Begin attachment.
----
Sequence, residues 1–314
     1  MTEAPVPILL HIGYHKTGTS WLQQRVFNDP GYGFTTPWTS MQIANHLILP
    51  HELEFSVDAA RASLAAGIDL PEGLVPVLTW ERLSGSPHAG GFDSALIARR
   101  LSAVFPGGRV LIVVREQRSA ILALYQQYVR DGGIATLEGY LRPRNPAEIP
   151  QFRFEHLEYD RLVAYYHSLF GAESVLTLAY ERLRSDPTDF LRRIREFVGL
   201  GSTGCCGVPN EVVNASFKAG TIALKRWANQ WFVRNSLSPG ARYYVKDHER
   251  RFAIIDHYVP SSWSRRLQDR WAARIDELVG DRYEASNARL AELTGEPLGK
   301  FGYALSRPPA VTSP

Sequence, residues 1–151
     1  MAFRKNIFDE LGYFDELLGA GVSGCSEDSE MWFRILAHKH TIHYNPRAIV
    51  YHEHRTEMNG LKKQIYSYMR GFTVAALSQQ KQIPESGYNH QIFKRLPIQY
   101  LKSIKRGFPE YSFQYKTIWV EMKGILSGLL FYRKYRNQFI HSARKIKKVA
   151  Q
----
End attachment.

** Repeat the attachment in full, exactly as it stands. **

Sequence, residues 1–314
     1  MTEAPVPILL HIGYHKTGTS WLQQRVFNDP GYGFTTPWTS MQIANHLILP
    51  HELEFSVDAA RASLAAGIDL PEGLVPVLTW ERLSGSPHAG GFDSALIARR
   101  LSAVFPGGRV LIVVREQRSA ILALYQQYVR DGGIATLEGY LRPRNPAEIP
   151  QFRFEHLEYD RLVAYYHSLF GAESVLTLAY ERLRSDPTDF LRRIREFVGL
   201  GSTGCCGVPN EVVNASFKAG TIALKRWANQ WFVRNSLSPG ARYYVKDHER
   251  RFAIIDHYVP SSWSRRLQDR WAARIDELVG DRYEASNARL AELTGEPLGK
   301  FGYALSRPPA VTSP

Sequence, residues 1–151
     1  MAFRKNIFDE LGYFDELLGA GVSGCSEDSE MWFRILAHKH TIHYNPRAIV
    51  YHEHRTEMNG LKKQIYSYMR GFTVAALSQQ KQIPESGYNH QIFKRLPIQY
   101  LKSIKRGFPE YSFQYKTIWV EMKGILSGLL FYRKYRNQFI HSARKIKKVA
   151  Q